‘The Nutcracker’ stands on merit

December 14, 2010
REVIEW by Chicago Sun-Times
Hedy Weiss


There is a tendency to think of “The Nutcracker” as little more than a sparkling holiday ritual designed primarily to lure family audiences into the world of ballet. But as the Joffrey Ballet demonstrated so impressively at this season’s opening night performance of Robert Joffrey’s now 23-year-old Victorian era American take on the Russian classic, the work easily can serve as a splendid, richly varied showcase for the company’s many highly accomplished dancers. And the fireworks currently on display at the Auditorium Theatre — along with those so visible during the company’s bravura fall program of ballets by Balanchine, Robbins and Christopher Wheeldon — reinforces the sense that the Joffrey ensemble is in exceptional form these days.

There are countless delights in this year’s production, which has been polished to a high gleam, and tweaked with the addition of countless little details that clarify the storytelling. But it was the bravura dancing that most impressed on opening night. (Several different casts will rotate throughout the run.)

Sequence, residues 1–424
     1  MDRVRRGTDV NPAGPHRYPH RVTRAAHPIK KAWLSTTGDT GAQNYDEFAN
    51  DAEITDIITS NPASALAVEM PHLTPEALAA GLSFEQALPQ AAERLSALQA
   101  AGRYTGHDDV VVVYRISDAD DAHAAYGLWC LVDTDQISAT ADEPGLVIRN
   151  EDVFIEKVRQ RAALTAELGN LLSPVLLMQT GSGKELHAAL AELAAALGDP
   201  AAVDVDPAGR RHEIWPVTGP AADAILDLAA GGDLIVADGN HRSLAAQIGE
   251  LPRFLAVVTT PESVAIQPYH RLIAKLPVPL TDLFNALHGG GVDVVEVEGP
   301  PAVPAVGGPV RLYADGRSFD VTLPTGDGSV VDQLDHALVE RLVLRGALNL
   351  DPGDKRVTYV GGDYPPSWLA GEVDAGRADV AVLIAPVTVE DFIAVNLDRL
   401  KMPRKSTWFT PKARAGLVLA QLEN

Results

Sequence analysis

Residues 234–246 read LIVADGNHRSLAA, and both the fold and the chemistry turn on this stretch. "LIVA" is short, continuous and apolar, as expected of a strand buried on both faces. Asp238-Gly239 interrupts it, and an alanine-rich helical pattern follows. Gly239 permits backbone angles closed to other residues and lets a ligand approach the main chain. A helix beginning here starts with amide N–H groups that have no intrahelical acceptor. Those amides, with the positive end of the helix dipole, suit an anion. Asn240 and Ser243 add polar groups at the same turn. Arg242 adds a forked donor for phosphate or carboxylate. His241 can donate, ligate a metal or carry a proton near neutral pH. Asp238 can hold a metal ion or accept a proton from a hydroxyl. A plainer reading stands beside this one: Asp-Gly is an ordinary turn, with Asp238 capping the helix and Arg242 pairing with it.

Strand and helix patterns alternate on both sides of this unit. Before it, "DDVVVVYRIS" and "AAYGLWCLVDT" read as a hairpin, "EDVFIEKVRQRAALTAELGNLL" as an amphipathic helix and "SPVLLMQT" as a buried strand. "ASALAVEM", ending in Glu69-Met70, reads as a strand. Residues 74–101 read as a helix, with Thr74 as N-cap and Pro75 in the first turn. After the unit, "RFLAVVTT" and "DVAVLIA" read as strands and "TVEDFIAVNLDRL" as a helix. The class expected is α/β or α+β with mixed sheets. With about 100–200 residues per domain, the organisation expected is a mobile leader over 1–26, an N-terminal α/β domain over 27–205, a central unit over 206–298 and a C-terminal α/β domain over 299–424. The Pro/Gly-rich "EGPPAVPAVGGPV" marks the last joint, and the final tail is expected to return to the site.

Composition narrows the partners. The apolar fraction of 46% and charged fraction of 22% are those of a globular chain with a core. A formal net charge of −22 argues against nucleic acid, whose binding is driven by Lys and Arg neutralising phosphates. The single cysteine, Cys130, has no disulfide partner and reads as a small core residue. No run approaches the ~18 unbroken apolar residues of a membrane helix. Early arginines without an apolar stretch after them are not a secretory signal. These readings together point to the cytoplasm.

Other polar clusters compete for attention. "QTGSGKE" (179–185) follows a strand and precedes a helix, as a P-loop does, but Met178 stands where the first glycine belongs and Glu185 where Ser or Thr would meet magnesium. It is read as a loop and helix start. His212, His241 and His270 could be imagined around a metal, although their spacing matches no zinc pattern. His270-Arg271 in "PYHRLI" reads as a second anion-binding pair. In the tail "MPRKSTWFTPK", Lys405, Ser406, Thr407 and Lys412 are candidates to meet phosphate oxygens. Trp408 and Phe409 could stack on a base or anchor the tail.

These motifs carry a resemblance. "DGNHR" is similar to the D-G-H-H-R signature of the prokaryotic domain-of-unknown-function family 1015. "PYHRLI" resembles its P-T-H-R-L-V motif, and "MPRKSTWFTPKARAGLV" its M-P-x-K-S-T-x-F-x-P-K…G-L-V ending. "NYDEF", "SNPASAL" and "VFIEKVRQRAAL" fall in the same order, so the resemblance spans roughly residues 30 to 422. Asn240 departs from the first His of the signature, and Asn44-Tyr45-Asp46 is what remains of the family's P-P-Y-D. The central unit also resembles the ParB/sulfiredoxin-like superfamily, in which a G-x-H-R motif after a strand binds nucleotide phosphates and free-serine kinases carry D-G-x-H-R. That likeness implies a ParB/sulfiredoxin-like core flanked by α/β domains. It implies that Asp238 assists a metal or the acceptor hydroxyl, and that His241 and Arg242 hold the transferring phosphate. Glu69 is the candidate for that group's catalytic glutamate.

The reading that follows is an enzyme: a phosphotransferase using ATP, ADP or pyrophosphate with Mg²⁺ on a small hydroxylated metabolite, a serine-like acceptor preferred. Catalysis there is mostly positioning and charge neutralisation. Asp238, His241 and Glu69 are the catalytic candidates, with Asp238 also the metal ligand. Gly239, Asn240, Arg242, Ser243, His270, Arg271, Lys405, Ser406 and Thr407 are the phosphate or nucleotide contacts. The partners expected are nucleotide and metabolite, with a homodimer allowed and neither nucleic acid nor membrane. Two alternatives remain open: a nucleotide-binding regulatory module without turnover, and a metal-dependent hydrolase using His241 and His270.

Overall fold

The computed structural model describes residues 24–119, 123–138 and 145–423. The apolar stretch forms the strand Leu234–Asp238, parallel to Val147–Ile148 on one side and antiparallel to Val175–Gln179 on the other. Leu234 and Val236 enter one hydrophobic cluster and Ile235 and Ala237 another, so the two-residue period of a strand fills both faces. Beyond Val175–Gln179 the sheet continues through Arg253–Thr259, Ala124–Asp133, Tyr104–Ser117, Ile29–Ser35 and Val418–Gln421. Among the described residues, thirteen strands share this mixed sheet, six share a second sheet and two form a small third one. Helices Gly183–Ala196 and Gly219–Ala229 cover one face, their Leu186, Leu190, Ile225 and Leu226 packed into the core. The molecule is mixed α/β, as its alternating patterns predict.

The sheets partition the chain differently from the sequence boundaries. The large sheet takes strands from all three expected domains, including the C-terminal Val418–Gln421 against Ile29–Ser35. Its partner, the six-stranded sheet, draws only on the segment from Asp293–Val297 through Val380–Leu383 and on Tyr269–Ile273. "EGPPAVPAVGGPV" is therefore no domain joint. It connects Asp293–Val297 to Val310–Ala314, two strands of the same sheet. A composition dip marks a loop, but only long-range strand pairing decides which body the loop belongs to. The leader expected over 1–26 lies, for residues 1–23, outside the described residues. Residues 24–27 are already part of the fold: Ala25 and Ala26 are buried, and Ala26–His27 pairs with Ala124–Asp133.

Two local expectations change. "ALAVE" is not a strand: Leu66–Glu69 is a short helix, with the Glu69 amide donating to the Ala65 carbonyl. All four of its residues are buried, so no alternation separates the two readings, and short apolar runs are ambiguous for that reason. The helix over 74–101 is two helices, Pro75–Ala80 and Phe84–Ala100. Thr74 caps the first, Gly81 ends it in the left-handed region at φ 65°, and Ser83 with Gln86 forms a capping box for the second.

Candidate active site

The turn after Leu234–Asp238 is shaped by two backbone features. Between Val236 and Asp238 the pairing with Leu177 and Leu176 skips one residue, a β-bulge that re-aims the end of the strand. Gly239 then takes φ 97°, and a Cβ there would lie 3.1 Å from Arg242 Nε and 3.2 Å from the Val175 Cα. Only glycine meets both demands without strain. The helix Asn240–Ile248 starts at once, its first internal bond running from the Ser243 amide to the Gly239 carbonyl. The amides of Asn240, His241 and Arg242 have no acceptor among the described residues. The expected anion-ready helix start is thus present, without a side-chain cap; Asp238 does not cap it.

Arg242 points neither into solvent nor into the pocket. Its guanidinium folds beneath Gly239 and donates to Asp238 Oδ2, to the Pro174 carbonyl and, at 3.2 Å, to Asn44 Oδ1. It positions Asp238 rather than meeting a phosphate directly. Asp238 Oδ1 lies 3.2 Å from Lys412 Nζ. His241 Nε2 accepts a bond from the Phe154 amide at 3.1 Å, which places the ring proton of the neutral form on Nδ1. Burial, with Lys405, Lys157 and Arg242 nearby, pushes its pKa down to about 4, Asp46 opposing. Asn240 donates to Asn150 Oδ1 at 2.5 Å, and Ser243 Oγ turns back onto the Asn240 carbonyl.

Particularly felicitous was the pairing of Yumelia Garcia as the Sugarplum Fairy and Mauro Villanueva as the Nutcracker Prince. Garcia is a petite woman with exquisitely articulate feet, an alluring sense of tranquility and ease, and phenomenal balances. The audience, awestruck by her rock-solid, unsupported arabesques — held as if she were suspended from a wire — gave her a rousing ovation. And Villanueva, with his bravura leg work, beautiful lightness, and total clarity, also was an ideal partner for her.

The splendid partnership between Victoria Jaiani and Fabrice Calmels is well established by now, and they danced with great elegance — amid a copious snow fall — as the Snow Queen and King. In addition, Jaiani, whose slender body can curl like an ornate, seductive arabesque, was all exotic allure as Coffee from Arabia, partnered by Miguel Angel Blanco. (The other Sweets variations also were zestfully danced.)

Ricardo Santos, the young Brazilian-bred dancer and a winner of several international medals, made a strong impression — first as Fritz, the bratty, impulsive brother of Clara (the spirited Anastacia Holden), and then as the high-speed leaping and spinning Snow Prince. Caitlin Meighan, Aaron Rogers, Allison Walsh and Derrick Agnoletti were first-rate Mechanical Dolls, and Michael Smith was a terrific King of the Mice, with the whole battle scene a hoot. atthew Adamczyk brought great flair and authority to the role of Dr. Drosselmeyer, godfather to Clara and Fritz and master magician of Christmas fantasies. The Waltz of the Flowers (Gerald Arpino’s choreography) was in full bloom with exquisite dancing by the women. And the gaggle of children who must do a great deal of demanding dancing and acting did both with skill and naturalness.

One final note: This is a city where even the most superb performers often seem embarrassed about taking bows. But this time around the Joffrey fully relished its many fully deserved curtain calls.